Back to the water. It was windowpane clear. Blue skies and black trees reflected in the still pools between the frothing falls; through them, you could spy the multicolored granitic gravels in the pond bottoms. No mud here.
The reason, despite a heavy snow winter followed by weeks of rain?
I think first on the list is that before the fire, Hat Creek’s forest and ranges were comprised of intact vegetation, in good health. These forests have adapted with the presence of fire for millennia, and when we have enough vegetative cover and intact soil biota, they provide a buffer against the extreme heat of fire.
And the soil holding capabilities of roots, fungal hyphae, and other organisms still alive in the soil despite extreme heat, keep the soil on the mountain instead of in the creek. I knew it was still alive—because there, in the black, perennial grasses and flowers were already cropping up new starts of green in the middle of the moonscape of blackness.
But there’s more, and it’s the stewards of the creek I’ll cite for that. They are the long toothed rodents that keep sediment from flowing anywhere downstream.
Among the largest of the buck toothed family of rodents: beavers. They somehow survived the heat and the smoke, and continued to build bulwarks against sediment flow downstream. Their dams created impoundments all the way down the creek that acted as sediment ponds for any mud that may have ended up in the snowmelt flow.
Now I’d like to take credit for all this by saying it is all because of our management, but I can’t. Instead, once more, I am humbled at the elegance of nature and how resilient it can be in the face of catastrophe. If we would just let it take its course by staying out of the way and keeping all the habitat components in place, it has an amazing capacity to heal.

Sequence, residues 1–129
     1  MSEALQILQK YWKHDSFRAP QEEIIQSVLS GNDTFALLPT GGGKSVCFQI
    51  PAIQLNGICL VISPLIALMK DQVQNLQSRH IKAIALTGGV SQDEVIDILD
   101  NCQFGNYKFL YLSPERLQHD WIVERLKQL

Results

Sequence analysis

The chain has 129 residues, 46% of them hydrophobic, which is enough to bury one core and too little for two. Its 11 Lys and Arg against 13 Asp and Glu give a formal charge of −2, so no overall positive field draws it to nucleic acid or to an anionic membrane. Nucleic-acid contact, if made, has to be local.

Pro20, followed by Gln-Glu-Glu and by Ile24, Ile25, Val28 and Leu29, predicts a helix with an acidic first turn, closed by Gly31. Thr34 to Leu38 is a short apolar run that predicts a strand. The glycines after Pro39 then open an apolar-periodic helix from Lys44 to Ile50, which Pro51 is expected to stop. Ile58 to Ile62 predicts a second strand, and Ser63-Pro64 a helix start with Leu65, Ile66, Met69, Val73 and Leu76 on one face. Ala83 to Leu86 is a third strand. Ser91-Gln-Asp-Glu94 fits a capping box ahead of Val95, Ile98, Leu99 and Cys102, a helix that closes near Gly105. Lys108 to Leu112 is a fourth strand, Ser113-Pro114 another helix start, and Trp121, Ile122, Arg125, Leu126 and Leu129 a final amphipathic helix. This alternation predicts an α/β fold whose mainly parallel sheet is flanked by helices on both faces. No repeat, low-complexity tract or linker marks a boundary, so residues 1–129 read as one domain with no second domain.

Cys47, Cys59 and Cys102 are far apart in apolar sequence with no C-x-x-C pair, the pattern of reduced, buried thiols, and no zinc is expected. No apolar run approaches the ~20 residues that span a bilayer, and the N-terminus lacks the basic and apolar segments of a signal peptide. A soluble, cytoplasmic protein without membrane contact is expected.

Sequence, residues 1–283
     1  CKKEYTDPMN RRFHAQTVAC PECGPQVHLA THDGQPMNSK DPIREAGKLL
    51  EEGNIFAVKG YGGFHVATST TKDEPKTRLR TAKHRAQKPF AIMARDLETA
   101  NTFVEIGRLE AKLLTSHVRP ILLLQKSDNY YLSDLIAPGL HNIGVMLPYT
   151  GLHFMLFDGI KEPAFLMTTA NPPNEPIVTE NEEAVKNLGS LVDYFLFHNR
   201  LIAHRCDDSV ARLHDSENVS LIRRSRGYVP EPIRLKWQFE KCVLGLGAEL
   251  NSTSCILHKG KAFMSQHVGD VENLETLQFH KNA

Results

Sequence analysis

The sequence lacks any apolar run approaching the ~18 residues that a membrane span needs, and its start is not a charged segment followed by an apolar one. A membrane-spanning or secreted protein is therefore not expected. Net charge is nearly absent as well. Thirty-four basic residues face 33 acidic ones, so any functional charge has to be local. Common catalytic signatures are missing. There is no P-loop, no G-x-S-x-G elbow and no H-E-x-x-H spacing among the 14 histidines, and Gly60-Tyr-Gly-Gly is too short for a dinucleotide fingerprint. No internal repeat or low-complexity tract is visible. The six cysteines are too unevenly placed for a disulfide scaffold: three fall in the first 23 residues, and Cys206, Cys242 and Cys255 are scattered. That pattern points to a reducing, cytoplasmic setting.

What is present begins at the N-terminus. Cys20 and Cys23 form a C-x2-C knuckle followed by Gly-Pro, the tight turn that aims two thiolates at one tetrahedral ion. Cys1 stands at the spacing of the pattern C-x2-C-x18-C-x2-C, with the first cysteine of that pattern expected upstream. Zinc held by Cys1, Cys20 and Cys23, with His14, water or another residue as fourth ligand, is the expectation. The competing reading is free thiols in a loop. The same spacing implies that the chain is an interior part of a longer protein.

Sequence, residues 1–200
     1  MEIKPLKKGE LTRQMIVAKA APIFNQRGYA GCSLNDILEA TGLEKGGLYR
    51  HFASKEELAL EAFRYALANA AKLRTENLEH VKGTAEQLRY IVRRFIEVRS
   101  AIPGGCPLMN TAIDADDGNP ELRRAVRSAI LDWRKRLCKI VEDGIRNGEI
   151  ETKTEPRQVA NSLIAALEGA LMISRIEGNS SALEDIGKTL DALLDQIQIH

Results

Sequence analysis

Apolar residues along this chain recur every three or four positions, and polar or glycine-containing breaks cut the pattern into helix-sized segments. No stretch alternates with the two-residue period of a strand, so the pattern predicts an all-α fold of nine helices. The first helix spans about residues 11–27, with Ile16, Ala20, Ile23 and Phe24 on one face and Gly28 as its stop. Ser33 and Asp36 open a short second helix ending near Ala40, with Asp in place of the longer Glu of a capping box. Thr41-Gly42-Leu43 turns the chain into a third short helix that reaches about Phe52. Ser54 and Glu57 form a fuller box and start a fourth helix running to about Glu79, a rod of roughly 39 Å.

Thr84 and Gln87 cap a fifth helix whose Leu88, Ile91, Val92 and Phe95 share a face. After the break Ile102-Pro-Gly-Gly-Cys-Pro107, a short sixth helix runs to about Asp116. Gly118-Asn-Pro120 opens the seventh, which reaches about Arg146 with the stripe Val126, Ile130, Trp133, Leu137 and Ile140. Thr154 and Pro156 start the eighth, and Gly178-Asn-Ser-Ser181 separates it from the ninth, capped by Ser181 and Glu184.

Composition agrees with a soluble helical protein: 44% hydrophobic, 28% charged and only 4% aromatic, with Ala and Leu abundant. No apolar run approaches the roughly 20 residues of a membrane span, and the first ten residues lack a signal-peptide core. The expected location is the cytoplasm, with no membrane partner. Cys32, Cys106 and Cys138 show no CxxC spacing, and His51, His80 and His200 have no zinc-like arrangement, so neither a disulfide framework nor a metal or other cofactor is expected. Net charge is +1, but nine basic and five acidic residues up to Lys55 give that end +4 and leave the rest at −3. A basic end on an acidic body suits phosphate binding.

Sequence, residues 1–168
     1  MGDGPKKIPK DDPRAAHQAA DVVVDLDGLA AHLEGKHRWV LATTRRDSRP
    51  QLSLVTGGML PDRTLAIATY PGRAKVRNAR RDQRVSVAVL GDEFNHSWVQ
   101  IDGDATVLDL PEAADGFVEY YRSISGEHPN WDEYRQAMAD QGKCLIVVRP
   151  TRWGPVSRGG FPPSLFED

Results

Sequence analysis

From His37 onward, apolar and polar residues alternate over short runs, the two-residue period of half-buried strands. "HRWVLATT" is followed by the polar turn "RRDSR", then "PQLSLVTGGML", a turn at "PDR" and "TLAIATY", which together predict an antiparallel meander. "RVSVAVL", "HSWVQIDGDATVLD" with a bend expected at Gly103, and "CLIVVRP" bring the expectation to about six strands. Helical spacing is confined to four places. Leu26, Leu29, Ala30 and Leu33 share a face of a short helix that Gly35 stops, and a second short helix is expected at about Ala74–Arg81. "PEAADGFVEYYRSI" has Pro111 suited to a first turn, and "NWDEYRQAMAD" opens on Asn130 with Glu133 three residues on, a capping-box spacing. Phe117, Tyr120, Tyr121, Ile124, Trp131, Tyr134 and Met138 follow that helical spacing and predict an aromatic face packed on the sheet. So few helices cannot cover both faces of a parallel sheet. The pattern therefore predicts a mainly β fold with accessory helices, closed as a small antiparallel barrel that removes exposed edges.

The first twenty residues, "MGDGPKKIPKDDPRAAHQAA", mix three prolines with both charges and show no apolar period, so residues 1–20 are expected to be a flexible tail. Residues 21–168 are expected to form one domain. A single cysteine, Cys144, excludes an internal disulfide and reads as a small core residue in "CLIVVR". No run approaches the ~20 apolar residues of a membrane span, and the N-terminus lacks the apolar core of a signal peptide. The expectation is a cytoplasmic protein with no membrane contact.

And that’s why we run cattle up there in wild country the way we do. We try not to alter habitats in any way; instead, we try to complement what is already going on. Maybe we are serving as a mimic for the ancient rhythms of bison movements with our cattle; by staying out of creeks (as bison did), beavers, and streamside vegetation create an amazing ability to buffer these critical habitat areas against what some view as the worst kind of catastrophe.
Wildfire. It stirs humans to terror. And it can be terrible, especially when interacting with human habitation. But nature can be different, especially when in good health in the first place.
And so that’s how we now see it. I used to work on the other side, as a wildland firefighter protecting human developments at the edge of wildlands. But now I see regeneration not only from the fire, but because of it. I see burned areas exhibiting new levels of expression of missing species; of grasses and forbs that were suppressed by sagebrush or timber.
And so, in fire, I see beauty. The mosaic it creates is the foundation of diversity. And in nature, even in us, as people, diversity is strength.
And so, I am grateful for the Rabbit’s Foot. The impression left by it is astoundingly beautiful.
Glenn, Caryl, Cowboys & Cowgirls at Alderspring Ranch
For 26 years, handcrafting unparalleled flavor and wellness while regenerating wild landscapes. Wild Wellness Delivered.
Thanks for following along on this summer’s grazing journey through reading our newsletter! Don’t forget this week’s discounts for you readers only! Here those are again in case you missed them:
Flash: Freshly Made Summer Sausages! Get 20% off using “fresh for summer” at checkout until Sunday the 2nd at midnight. Find summer sausages here.
New Product: Pork-Beef Breakfast Sausage (limit 2 per person due to limited quantities)! Find our new Pork-Beef Breakfast Sausage here.
Fifteen on Flap Steaks, Flatirons, and Flank Steaks
You readers can take fifteen off using “the long of it” until Sunday June 2 at midnight. Limit two of any one kind of steak to spread the longitudinal love. Find flatirons, flanks and sirloin flaps here.